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Bedwetting > Health Features > Dry Mornings for Bedwetters > Waking up to a dry morning
Bedwetting
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Bedwetting can take a toll on the family and your child's self-esteem. Learn why your child wets the bed, how to talk to them, and what treatment to get for your child's condition.
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Dry Mornings for Bedwetters

Waking up to a dry morning

Waking up to a dry morning

Bedwetting is very common, and most kids tend to grow out of it by the time they are 5 or 6 years old. For a child who often wakes up to a wet bed, waking up to a dry morning could feel like a complete triumph. There are many things you can do to help ensure their feelings remain positive and to help manage their bedwetting.

One helpful approach is to use absorbent pants. Like diapers, these are meant to hold urine. However, absorbent pants are akin to disposable underwear and are meant for kids older than babies - to help them wake up to a dry morning. They are designed to look and feel like underwear, so children can use them discreetly, such as during sleepovers and going to camp. By using absorbent pants, you can help your child wake up to a dry morning.

Here are some ways to cope with bedwetting and help ensure a dry morning:

  • Use waterproof sheets or a plastic mattress cover to protect the mattress. Although this doesn't prevent your child from wetting the bed, it can protect your child's bed from the urine odour.
  • Make sure your child goes to the bathroom immediately before bedtime.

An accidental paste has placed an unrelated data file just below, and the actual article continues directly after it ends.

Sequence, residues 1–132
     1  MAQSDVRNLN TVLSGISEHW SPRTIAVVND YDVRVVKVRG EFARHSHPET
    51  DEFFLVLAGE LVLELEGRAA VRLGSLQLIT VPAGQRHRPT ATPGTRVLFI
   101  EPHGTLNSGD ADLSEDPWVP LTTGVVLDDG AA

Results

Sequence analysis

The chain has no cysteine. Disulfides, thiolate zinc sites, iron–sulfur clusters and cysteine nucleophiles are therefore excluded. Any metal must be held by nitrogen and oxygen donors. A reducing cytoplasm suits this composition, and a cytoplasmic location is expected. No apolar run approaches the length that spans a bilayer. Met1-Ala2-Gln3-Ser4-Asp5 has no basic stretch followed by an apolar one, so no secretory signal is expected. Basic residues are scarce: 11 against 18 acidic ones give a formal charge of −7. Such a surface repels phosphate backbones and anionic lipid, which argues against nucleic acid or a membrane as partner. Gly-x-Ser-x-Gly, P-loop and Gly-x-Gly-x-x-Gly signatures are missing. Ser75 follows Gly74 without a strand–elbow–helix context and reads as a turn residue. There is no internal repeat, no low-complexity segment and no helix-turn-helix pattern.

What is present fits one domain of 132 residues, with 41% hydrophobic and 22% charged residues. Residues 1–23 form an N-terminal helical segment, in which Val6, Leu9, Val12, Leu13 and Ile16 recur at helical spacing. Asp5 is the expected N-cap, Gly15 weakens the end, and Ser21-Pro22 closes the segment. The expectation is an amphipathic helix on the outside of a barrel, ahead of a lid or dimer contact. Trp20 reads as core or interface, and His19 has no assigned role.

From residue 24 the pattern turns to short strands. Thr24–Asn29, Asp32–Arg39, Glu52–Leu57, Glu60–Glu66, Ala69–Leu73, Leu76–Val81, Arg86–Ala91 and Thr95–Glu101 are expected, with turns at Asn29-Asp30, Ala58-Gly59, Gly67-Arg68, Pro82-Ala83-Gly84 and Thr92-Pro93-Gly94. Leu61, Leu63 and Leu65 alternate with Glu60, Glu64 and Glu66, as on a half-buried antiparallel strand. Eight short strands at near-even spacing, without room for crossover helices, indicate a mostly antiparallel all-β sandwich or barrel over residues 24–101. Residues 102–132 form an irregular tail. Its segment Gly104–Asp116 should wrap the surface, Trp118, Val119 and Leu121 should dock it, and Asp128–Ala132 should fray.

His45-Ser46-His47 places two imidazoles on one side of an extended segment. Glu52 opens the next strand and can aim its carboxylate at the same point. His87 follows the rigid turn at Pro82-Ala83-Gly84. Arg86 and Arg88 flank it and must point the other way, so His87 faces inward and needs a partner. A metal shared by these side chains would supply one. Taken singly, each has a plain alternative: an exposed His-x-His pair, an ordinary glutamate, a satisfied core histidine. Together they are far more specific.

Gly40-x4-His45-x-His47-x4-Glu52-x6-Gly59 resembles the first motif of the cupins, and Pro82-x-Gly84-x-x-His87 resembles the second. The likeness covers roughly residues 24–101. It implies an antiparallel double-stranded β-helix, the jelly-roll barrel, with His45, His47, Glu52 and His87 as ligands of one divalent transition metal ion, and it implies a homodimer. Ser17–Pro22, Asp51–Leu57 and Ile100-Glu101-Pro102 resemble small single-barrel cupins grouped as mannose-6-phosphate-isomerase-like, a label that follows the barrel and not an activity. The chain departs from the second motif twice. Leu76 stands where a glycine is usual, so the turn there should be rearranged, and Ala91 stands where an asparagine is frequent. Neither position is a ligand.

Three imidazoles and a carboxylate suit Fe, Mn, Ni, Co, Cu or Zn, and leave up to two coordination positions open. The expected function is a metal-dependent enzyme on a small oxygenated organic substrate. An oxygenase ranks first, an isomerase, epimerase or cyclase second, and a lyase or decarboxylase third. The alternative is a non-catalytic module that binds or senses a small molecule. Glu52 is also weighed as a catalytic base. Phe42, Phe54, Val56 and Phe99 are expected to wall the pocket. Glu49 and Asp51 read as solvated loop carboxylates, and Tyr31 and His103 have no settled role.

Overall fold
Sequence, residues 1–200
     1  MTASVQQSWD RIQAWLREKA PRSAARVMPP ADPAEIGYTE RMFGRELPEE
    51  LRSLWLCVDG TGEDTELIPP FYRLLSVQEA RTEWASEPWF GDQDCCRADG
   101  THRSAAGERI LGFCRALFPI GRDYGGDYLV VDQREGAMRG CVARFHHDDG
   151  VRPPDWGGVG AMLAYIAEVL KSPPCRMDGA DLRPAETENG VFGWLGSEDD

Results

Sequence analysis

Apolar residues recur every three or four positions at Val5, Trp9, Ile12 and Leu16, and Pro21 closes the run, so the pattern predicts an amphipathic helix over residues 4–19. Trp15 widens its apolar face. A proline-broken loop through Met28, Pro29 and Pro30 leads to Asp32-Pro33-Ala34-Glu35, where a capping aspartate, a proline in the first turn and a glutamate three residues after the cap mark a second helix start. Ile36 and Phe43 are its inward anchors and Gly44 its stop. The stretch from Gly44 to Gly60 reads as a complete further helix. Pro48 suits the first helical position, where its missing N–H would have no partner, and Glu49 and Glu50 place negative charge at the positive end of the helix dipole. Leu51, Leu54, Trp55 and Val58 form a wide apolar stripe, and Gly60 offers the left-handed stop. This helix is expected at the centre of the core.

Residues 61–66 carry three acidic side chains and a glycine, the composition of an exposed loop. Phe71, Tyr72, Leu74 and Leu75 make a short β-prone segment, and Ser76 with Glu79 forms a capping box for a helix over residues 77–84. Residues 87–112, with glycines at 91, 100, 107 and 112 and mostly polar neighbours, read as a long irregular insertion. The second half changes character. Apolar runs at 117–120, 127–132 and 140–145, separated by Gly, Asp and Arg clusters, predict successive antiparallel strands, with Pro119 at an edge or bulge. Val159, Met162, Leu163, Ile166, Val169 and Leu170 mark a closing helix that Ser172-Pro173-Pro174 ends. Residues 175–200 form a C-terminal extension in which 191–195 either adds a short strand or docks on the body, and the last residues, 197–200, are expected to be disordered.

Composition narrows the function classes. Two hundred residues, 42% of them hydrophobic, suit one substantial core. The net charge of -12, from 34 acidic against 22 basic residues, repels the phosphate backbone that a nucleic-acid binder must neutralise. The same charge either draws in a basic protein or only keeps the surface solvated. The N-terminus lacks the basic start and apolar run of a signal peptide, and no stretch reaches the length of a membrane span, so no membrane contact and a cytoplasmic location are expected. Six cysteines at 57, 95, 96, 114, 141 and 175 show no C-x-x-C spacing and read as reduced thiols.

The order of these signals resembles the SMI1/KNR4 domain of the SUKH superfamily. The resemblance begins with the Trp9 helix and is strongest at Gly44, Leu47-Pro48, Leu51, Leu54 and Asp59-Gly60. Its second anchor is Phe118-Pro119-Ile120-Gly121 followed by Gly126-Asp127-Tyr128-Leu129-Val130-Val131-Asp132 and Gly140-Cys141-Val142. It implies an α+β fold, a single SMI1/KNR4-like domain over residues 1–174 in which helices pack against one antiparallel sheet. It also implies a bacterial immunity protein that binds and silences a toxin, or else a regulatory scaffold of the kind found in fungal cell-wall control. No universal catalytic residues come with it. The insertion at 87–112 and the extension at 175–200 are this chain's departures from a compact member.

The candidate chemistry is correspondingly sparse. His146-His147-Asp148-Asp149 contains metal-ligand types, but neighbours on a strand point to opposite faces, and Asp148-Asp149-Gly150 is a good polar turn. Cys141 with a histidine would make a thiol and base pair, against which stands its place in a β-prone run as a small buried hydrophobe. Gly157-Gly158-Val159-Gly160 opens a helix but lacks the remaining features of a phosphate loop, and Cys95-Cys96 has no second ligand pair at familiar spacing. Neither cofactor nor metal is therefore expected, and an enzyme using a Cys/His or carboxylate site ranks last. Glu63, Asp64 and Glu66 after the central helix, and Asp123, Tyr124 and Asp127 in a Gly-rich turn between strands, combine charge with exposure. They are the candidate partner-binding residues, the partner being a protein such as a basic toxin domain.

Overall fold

• Make it easier for your child to reach the bathroom during the night. For example, add a night-light in the hallway and bathroom, and clear the path from bed to bathroom so that there are no toys, clothes, or anything else that can get in the way.
  • Encourage your child to drink more fluids during the morning and early afternoon. This can lead to more urine production, which can lead to larger bladders, making it easier to hold more urine at night.
  • Get your child to reduce fluid intake in the evening and before bed, and especially to avoid drinking a lot of liquids during the 2 hours before bedtime.
  • Limit caffeine – no chocolate or cola! Caffeine is a diuretic, meaning it can cause the body to produce more urine.
  • Enlist your child's help in the clean-up effort. Keep an extra set of pyjamas and a towel beside the bed so your child can change if they do wake up at night. Teach older children (e.g., 6 years or older) that if they do wake up, they should try to stop the flow of urine, then head to the toilet to see if there is any urine left in their bladder. Finally, your child should change clothes and place the dry towel over the wet part of the bed.
  • Praise your child and provide positive response when your child wakes up to a dry morning.

If your child experiences a wet night, respond gently. Do not blame or punish your child; most children who wet the bed already feel guilty and embarrassed. Instead, provide support and encouragement. Make sure that siblings also provide support and do not tease your bedwetting child.



Dry Mornings for Bedwetters


Waking up to a dry morning


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